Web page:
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GTA 6 Competitor Ex-Rockstar Studio's 'Everywhere' Now $42 Million Richer


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It seems that Grand Theft Auto VI might face some stiff competition in the sandbox genre at long last, as Everywhere, a rival game being developed by the ex-Rockstar North employees at Build a Rocket Boy Games, has received a financial injection of over $40 million from various investors. While it's about time that the Grand Theft Auto franchise is challenged by a modern AAA effort, having outgrown its older competitors Driver and Saints Row years ago, the source of that (obviously legal) cash is somewhat of a concern.

Deny as Rockstar and company might, Grand Theft Auto VI is obviously happening at some point - most likely during the upcoming ninth console generation. Grand Theft Auto V and, more importantly, GTA Online are cash cows that have allowed the developer-publisher to milk the past two console generations for all that they're worth, and they've been worth a lot. Next-gen ports of Grand Theft Auto V for the PS5 and Xbox Series X/S point to the latest installment not being ready until a year or two into the new consoles' lifetimes, but publisher Take-Two is no doubt itching to add the short-term revenue explosion that shareholder daydreams are made of to its slightly more slowly accumulating GTA Online cash piles. This time, though, it seems it's not vying for players' attention unopposed.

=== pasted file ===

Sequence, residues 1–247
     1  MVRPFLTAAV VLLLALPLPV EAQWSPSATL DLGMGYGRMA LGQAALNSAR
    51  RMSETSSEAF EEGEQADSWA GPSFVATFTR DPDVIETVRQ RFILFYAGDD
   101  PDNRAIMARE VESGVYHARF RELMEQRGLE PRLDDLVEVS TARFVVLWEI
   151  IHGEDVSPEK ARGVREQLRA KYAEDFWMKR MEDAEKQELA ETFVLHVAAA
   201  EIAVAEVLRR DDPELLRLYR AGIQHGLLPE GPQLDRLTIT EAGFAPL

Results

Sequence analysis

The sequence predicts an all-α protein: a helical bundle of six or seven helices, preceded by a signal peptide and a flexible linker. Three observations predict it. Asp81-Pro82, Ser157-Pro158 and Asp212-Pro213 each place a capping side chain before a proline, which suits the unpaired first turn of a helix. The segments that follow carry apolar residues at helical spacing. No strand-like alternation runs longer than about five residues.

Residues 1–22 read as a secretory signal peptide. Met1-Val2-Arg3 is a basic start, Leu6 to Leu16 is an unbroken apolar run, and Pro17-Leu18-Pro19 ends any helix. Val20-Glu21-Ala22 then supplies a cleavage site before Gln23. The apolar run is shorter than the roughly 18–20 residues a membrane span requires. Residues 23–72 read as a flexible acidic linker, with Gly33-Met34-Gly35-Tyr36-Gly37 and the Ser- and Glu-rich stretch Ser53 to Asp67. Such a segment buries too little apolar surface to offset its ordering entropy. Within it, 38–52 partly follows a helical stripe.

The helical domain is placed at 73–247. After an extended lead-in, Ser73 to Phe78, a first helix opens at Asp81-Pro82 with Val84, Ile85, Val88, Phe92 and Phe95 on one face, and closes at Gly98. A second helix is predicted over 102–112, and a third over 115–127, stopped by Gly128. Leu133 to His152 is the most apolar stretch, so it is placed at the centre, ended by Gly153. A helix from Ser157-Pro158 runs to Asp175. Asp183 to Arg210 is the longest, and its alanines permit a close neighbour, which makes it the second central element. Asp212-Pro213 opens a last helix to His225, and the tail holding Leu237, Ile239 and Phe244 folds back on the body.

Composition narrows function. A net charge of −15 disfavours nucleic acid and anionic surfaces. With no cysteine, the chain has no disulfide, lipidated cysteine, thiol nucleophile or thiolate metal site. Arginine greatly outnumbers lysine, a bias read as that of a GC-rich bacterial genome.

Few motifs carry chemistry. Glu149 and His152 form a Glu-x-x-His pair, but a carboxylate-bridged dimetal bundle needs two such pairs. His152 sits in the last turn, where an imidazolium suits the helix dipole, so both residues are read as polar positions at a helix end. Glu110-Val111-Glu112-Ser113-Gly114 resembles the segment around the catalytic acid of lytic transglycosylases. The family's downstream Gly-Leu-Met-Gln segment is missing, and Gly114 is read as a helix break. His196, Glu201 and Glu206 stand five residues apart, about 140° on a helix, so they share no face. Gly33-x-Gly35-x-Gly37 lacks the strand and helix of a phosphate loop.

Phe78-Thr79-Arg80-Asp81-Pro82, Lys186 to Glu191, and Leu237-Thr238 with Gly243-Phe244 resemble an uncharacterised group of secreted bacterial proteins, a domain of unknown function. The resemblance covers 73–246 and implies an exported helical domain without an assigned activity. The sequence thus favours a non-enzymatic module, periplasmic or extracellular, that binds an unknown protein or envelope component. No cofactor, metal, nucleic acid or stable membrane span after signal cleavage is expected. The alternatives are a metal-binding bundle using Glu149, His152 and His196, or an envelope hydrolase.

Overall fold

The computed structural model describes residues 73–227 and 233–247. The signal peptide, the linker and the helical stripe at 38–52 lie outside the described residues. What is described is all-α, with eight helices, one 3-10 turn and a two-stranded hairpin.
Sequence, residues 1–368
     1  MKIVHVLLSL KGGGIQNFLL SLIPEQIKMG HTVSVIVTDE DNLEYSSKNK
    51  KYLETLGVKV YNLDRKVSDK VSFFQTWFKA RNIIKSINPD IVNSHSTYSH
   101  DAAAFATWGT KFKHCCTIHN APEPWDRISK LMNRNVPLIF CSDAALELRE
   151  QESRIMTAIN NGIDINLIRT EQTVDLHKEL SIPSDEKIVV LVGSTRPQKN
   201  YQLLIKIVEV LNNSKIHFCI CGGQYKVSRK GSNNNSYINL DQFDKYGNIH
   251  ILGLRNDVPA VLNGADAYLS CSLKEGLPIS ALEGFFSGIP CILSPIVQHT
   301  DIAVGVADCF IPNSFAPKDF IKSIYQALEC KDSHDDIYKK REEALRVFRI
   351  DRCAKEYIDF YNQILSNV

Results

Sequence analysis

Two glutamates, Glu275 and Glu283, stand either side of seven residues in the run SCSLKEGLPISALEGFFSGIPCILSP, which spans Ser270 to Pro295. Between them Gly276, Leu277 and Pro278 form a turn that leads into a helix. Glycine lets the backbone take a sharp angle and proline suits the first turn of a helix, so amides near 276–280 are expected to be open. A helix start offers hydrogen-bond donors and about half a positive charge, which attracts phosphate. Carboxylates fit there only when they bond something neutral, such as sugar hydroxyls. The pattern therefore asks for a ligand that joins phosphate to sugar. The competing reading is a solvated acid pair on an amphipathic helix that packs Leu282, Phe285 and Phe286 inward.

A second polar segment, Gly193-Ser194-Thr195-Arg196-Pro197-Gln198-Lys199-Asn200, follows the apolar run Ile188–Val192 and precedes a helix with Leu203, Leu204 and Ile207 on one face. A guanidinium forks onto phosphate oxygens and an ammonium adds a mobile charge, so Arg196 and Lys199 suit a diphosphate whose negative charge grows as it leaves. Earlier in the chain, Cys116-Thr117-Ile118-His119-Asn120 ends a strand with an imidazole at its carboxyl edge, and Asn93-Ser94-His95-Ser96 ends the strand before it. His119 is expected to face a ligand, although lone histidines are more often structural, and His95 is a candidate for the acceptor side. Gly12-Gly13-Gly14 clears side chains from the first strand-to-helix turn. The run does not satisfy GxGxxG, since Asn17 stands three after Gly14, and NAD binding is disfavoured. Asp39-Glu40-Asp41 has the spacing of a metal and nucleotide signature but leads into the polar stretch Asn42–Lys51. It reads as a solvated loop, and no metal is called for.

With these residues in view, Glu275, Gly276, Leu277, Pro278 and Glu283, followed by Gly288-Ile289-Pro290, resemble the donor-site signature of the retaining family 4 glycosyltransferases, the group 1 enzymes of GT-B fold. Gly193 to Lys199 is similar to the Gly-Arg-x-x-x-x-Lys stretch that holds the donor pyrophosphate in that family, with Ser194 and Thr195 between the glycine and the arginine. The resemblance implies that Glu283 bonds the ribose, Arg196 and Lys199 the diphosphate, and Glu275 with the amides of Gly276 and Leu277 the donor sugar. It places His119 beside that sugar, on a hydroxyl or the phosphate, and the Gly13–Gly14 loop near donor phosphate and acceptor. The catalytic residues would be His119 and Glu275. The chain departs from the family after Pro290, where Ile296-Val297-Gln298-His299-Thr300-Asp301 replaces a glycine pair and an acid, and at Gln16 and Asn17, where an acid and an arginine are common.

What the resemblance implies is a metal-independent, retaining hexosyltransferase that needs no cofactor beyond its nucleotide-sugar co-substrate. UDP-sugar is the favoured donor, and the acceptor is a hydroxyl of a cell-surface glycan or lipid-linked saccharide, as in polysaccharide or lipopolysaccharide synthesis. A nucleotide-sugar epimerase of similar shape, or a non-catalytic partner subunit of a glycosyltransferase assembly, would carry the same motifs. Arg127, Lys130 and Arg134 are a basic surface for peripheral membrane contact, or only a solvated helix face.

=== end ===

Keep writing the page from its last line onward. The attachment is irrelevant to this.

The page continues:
Publicly ousted by Take-Two executives and embroiled in a bitter legal dispute back in 2016, ex-Rockstar North president Leslie Benzies remains on the warpath. Having founded Build a Rocket Boy Games alongside a team of other former Rockstar veterans and announced the Grand Theft Auto-like Everywhere in the interim, Telegraph (thanks, VGC) now reports that the new studio has coaxed a sizable sum of ÂŁ32 million (approximately $41 million USD) from investors for its Everywhere project, with the lion's share of the money coming from powerful Chinese firm Netease.

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Building this type of mixed story-focused vehicular mayhem with multiplayer functionality is not cheap or fast, especially not for a new studio whose game has only existed as design documents and concept art up to only recently. While some studios like Star Citizen's Cloud Imperium Games really know how to put it away without results, very few development studios worth their salt could so easily blow the advantage of a sudden $40 million windfall that Build a Rocket Boy now enjoys. That said, players' eyebrows should go up when learning that the studio's benefactor is Netease, a Chinese conglomerate that (like Tencent) operates as an arm of the totalitarian Chinese government and already has its hands wrist-deep in the games industry cookie jar, buying influence and power over companies the world over.

While the ever-bloated Grand Theft Auto franchise and brand continue to insist that they've not grown too big for their straining breeches, Rockstar's hegemony over the sandbox genre and players' wallets may come toppling down if Build a Rocket Boy gets its way with Everywhere. Regardless of which game comes on top in the coming console generation(s), it's not a hard guess that consumers will lose the worst.

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